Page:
"My liege, wilt thou tell thy servant, why thou didst make that sign upon thy forehead and what the look that came into thine eyes may mean—thou who fearest no man?"
Then the king answered Offero saying:
"That sign is the sign of the cross, and I make  it upon my brow whenever I hear the name of Satan, the Evil Spirit, because I fear him, and because that sign alone can protect me from him."
And Offero bowed his head, and standing there before the king he answered sadly:
"Fare thee well, O my king, for I may not serve thee longer. I have promised only to serve the greatest and one who feared nothing, so I must e'en seek this Evil Spirit. If thou fearest him, must he not be more powerful than thou?"
So Offero went sorrowfully out of the king's presence, and away from the splendid court and the fair city. And as he went the vision which of late had faded from him grew clearer, and seemed to beckon him on and on. And the voice that of old sounded in his ears spoke to him once more, so that his heart became light and his purpose grew strong.
Now after many days of toilsome wanderings, Offero came at last to the skirt of a great dark wood. The pines were so thick that never a sunbeam could pierce through their tops, and the trunks of the trees could only just be seen ghostly grey in the everlasting twilight that reigned there.
Deeper and darker grew the wood as Offero went on, until he came to the darkest part of all, and there he found the Evil Spirit and his court.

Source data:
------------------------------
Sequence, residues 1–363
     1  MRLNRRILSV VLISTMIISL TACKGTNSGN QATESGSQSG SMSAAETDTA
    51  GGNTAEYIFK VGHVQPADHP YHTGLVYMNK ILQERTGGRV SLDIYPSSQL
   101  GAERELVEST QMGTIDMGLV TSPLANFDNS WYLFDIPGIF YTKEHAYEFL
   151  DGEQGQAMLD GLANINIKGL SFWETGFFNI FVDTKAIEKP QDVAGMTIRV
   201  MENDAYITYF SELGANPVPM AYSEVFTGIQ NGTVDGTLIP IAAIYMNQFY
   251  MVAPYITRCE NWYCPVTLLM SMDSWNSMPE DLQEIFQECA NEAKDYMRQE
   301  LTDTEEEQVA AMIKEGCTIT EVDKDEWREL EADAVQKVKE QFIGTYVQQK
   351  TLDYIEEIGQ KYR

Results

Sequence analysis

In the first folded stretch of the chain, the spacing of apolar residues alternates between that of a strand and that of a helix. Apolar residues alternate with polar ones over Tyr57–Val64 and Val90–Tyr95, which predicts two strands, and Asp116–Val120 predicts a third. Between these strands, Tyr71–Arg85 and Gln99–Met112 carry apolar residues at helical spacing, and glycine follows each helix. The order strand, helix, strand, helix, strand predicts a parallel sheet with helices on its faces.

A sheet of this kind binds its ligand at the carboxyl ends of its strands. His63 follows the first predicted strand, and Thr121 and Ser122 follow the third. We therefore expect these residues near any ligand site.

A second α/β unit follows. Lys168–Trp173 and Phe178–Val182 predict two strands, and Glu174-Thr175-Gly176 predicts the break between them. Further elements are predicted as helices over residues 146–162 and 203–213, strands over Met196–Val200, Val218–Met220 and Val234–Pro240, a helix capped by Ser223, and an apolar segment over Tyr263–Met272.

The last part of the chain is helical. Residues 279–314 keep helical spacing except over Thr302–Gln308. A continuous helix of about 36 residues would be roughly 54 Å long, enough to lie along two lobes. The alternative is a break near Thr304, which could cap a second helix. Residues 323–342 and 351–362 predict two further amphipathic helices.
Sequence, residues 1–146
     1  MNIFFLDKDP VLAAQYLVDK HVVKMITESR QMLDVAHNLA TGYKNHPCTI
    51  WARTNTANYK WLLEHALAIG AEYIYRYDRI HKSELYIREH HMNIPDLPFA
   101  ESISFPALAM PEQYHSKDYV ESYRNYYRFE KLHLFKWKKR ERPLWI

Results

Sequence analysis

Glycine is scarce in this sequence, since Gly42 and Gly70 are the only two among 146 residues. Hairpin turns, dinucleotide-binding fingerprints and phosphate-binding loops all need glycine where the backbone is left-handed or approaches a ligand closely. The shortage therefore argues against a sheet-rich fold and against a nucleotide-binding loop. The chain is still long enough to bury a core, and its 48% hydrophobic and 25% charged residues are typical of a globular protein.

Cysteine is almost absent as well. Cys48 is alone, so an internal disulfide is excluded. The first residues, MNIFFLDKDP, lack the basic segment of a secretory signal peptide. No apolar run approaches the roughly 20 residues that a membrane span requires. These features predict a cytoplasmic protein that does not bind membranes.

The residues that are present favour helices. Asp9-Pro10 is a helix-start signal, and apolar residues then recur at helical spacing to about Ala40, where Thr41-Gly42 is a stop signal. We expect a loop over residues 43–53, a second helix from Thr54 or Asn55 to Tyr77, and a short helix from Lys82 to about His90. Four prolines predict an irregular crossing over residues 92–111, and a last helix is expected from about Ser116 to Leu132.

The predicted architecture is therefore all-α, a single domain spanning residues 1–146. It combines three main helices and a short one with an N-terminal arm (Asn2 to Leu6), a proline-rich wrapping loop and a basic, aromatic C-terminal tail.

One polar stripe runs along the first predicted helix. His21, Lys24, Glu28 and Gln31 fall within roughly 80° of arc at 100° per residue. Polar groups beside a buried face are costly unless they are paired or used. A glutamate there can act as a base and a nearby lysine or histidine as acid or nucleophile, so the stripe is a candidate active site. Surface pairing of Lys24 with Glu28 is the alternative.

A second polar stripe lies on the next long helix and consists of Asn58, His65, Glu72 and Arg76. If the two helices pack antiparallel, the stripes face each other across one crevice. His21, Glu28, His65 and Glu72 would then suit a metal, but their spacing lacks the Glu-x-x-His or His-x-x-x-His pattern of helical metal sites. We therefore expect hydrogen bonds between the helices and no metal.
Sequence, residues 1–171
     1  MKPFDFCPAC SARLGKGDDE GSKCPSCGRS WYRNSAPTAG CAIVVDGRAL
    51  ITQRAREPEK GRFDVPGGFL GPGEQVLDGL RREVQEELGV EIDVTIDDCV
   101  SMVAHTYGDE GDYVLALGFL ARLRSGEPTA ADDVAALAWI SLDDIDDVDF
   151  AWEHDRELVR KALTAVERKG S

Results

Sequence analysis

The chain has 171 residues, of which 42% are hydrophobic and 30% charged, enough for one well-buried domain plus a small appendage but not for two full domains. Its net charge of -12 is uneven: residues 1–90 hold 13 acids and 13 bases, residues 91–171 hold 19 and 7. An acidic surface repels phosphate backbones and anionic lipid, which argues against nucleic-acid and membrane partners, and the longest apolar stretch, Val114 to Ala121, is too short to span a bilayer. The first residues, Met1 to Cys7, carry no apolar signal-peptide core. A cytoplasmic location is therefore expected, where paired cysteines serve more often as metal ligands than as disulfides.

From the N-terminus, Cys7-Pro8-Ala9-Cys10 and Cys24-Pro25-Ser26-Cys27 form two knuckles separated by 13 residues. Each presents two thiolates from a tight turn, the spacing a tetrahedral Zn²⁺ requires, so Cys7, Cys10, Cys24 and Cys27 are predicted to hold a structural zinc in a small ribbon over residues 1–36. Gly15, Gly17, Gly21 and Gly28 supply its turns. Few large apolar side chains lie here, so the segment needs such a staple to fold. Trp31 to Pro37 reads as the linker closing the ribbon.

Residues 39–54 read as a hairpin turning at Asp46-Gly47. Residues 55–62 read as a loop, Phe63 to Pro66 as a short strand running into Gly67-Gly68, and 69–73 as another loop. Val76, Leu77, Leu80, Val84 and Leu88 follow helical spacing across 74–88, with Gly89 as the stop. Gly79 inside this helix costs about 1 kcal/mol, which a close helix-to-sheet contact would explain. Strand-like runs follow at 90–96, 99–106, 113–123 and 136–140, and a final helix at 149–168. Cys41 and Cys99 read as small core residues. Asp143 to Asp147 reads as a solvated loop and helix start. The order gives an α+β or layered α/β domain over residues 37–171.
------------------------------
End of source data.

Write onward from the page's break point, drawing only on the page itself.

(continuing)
Offero could see nothing clearly in the gloom, but one great shadow stood out, bigger and stronger than any of the other shadows that flitted about, and on its brow was the outline of a kingly crown.
 "What seekest thou here?" asked the Evil One, in a deep strong voice, like the roar of distant thunder.
"I seek to serve the greatest and strongest king on earth, and one who knows no fear," answered Offero.
"Then is thy quest ended," said the shadowy king, with uplifted head and proud gesture, "for I indeed am the greatest king of all, and I know not what that word fear meaneth."
So Offero became one of the servants of the King of Evil, and his work was heavy and his wages light. But that seemed but a small matter to him, if only he had indeed found the highest.
Time passed on until there came a day when the Evil One rode out with all his servants and Offero at their head. And as they passed out of the wood they came to a cross set up by the wayside. It was only a rough cross of wood, standing out clear against the sky, the grass beneath worn by those who had knelt before it, and a bunch of wild flowers laid at its foot by some grateful hand. But when the eye of the Evil One fell upon it, he shuddered and, turning quickly round, plunged back into the wood, followed by all his servants. And Offero saw he was trembling from head to foot.
"Stop," cried Offero, barring his way, for he was not afraid even of the great Shadow upon the fierce black horse. "I would fain know what this meaneth, ere we go further. Didst thou not say thou wert stronger than all and feared nothing? and lo! thou tremblest like a child before a piece of crossed wood."
 "It is not the cross I fear," answered the Evil One, "but Him who once hung upon it."
"And who is He that you should tremble at the very thought of Him?" asked Offero. "Is He a greater and stronger king than thou?"
"He is greater, and He is stronger," answered Satan, "and He is the only one I fear."
Then Offero rode away from the dark wood and the evil company, out into the sunshine and light. And as he looked at the blue sky, and felt the warmth of the blessed sunshine once more, the vision seemed to rise again before his eyes, ever beckoning him onward, and in his ear the same voice sounded, bidding him seek on, until he should indeed find the highest.